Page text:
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A closer look 24 Feb 2015

A Short Guide to Symbolism

 “A work of art should primarily be “idealist”, as its sole ideal is the expression of an idea; secondly it should be symbolist as it  expresses this idea in a form; thirdly it will be synthetic as it will express its forms and signs according to a mode by which it will be generally understood; fourthly it will be subjective as the object will never be considered as an object as such, but as a sign perceived by the subject; and fifthly the work of art must be decorative.”  Gabriel-Albert Aurier, Mercure de France, 1891.

Symbolism was born out of a reaction against naturalism. Appearing during the

revolution in the 19th century, Symbolism rejected any rationality and stood in opposition to the technical and scientific modernity of the times. Revisiting certain aspects of Romanticism, symbolism claimed a share  in the aesthetic ideas of  Baudelaire and Wagner. Verlaine was the acknowledged leader of the movement.  Nevertheless it was the poet Jean Moréas who published the Symbolist  Manifesto in the French newspaper  Figaro on 18 September 1886. “Enemy of didacticism, declamation, false sensitivity, and objective description, symbolic poetry seeks to cloth the idea in a sensitive form which nevertheless is not in itself the objective but which; while serving to express the idea, would remain the subject”. Jean Moréas.

Symbolism is characterised by an intensification of the relation between the arts. In Symbolist painting allegory is poetic and possesses  virtually a literary essence. With regard to Symbolist poems, the subject evoked is often very visual, almost like a painting.  Symbolist poets wrote very metaphorically, attributing a symbolic meaning to images and objects. In this art, portraits of nature and scenes of life were tangible representations intended to show their esoteric affinities with fundamental concepts.

In contrast to impressionism, this movement rejects nature as a source of inspiration. Symbolist painting does not appeal to the human eye but to the imagination. These pictorial compositions reflect the spirit, an inner and particular psychic world.

In order to understand Symbolism, we must look at  Mallarmé and Alfred Jarry. Resulting from a crisis  of values as well as that of language itself, Symbolism did not arise from a collective effort but rather was the pooling of ideas of individual artists. There were many theories associated with Symbolism but many of the same ideas are frequently encountered: hermiticism, reference to music, evocative  magic, mythology, mysticism and and a certain religious atmosphere.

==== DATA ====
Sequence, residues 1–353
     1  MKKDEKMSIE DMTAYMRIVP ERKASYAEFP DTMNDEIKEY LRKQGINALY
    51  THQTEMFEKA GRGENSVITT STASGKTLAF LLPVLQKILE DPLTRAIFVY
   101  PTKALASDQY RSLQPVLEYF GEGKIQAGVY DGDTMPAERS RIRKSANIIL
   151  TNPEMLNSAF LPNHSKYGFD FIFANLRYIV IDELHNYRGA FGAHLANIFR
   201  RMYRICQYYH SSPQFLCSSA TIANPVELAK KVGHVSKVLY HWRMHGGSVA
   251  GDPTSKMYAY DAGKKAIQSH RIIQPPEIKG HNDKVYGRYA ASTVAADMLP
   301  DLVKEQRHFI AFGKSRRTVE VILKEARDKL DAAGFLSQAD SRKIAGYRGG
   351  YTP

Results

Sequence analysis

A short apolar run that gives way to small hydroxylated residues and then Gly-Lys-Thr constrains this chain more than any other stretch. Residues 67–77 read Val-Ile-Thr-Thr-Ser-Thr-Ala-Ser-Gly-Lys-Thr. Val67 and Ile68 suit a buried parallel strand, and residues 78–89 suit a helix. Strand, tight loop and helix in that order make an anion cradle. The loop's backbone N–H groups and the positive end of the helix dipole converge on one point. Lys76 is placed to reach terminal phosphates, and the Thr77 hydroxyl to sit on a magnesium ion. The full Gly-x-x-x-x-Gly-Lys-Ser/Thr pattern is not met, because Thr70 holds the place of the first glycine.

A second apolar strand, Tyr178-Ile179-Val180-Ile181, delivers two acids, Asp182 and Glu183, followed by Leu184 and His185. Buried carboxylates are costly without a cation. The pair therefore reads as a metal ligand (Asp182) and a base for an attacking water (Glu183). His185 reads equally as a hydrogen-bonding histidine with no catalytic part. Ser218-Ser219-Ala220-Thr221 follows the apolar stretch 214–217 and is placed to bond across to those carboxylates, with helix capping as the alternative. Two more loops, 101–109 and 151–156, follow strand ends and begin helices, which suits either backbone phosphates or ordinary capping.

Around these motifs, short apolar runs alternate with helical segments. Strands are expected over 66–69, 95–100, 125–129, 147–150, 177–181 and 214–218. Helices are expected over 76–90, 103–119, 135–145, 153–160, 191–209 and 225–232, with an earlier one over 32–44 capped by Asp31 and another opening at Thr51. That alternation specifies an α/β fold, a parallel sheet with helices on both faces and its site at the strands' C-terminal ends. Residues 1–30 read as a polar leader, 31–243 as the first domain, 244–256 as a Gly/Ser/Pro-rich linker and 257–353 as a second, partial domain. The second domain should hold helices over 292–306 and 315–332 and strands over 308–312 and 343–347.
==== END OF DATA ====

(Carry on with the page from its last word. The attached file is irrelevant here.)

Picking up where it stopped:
In painting, there is a certain connection between Romanticism and Symbolism in various regards, but the two movements are very distinct. Romantic art is impulsive, wild  and rebellious whereas Symbolist painting is static and hieratic, almost liturgical.

Gustave Moreau and Pierre Puvis de Chavannes were part of the first generation of French Symbolists.

Gustave Moreau, Oedipe et le Sphynx, 1864

Pierre Puvis de Chavanne, Marie-Madeleine dans le désert, 1869

Odilon Redon and Eugène Carrière were later representatives  of the movement .

Odilon RedonNaissance de Vénus, 1912

Eugène Carrière, femme allongée

In England, the movement known as the Pre-Raphaelites, as represented by the painters   Rossetti and Millais, can also be considered to be Symbolist by virtue of their rejection of historical reality in favor of and idealist vision of mankind.

Dante Gabriel Rossetti, Lady Lilith, 1866-1868

John Everett Millais, Ophelia, 1851

Symbolism was also present in Germany and Switzerland via artists such as  Max Kingler, Arnold Böcklin et Ferdinand Hodler.

Arnold Böcklin, Medusa, 1887

The symbolist artists will try to reach an idealism through the use of symbols. The mind and emotions will dominate representation. Feelings and imagination will be favored in an ideal world expressed by symbolism, a world that goes beyond appearances.

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